Robotic fundoplication in children

Abstract

Since January 2006, robotic assistance has been used for performing minimal invasive laparoscopic fundoplications in children. These patients were compared with those operated on with either the open surgical technique or the laparoscopic procedure. The first six children operated on with a fundoplication using the operation robot, da Vinci® Surgical System from Intuitive Surgical®, were included prospectively. As controls, data from the latest six children operated on using the open surgical procedure and the latest six children operated on using the minimal invasive laparoscopic technique were selected retrospectively. All the patients were operated on due to gastroesophageal reflux and were comparable in the De Meester score. The main outcome measures were the operating time, the use of postoperative analgesics, the duration of the postoperative hospital stay and the short-term outcome. There was no significant difference between the three groups concerning age, body weight and preoperative 24 h pH measurement. The mean operating time for the robotic group, 213 min, was the longer one, but the operating time for the latest four patients in the robotic group was similar to that for the laparoscopic group, 189 min. The postoperative hospital stay was shorter and a reduction in the use of analgesics postoperatively was noted. The reduction in the postoperative hospital stay and in the use of analgesics had been already noted with the introduction of the minimal invasive laparoscopic technique. There was no difference in short-term clinical outcome; the gastroesophageal reflux symptoms disappeared in all the patients. Robot-assisted laparoscopic fundoplication is comparable with the standard laparoscopic surgical procedure in terms of duration of operation, postoperative hospital stay, use of postoperative analgesics and short-term clinical outcome. The robotic surgery adds qualities to the surgical work when compared with open or laparoscopic surgery. These include better visualisation for the surgeon and greater precision in the movements of the instruments used.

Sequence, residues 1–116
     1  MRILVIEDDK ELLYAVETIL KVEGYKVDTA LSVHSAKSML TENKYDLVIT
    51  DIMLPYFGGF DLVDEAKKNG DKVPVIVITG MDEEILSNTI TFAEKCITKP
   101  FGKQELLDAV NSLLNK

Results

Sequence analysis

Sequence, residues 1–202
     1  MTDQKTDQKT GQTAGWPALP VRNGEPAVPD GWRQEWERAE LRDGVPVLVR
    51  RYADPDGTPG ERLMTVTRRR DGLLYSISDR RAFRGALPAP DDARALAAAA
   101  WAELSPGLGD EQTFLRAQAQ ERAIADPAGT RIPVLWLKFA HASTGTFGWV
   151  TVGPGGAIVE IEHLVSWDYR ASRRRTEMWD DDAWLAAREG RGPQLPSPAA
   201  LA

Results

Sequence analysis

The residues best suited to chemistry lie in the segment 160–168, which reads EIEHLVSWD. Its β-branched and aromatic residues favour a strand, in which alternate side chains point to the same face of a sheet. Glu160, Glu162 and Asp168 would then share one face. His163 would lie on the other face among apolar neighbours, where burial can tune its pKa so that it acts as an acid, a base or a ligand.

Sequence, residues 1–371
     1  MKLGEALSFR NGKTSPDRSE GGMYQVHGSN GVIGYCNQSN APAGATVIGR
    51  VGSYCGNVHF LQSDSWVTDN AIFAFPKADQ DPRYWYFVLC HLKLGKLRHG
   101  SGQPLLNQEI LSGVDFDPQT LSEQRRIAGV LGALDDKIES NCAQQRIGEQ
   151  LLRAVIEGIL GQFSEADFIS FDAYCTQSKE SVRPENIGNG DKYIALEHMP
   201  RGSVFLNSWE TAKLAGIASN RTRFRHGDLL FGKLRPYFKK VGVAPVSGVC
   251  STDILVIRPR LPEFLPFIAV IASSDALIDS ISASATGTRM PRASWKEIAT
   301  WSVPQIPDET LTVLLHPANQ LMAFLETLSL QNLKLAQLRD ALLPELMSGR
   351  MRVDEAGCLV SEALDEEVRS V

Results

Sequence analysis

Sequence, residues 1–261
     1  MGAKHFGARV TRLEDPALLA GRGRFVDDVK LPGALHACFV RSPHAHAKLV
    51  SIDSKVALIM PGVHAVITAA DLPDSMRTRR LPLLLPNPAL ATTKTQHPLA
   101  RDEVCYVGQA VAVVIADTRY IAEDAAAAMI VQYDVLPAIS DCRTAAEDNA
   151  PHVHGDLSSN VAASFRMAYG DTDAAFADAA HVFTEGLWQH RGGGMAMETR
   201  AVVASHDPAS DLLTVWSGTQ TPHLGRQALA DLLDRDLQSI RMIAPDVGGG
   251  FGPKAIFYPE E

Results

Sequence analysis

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Acknowledgments

Acknowledge to Håkan Lövkvist MSC, biostatistician, Competence Centre for Clinical Research, University Hospital, SE-221 85 LUND, Sweden, for statistical advice and Gillian Sjödahl, Lexis English for Writers, Persikevägen 11, 22355 Lund Sweden, for linguistic revision of the manuscript. This study was financially supported by Crafoordska stiftelsen, Box 137, 221 00 Lund, Sweden, Stiftelsen Samariten, Sachsska Children’s Hospital, 118 83 Stockholm, Sweden and The Skåne Region Research and Development Foundation, Box 1, 221 00 Lund, Sweden. This report complies with the current laws in the country in which it is written.

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Correspondence to Magnus Anderberg.

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Anderberg, M., Kockum, C.C. & Arnbjörnsson, E. Robotic fundoplication in children. Pediatr Surg Int 23, 123–127 (2007). https://doi.org/10.1007/s00383-006-1817-2

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Keywords

  • Robotic surgery
  • Fundoplication
  • Children
  • da Vinci® Surgical System
  • Laparoscopy
  • Robot
  • Paediatric surgery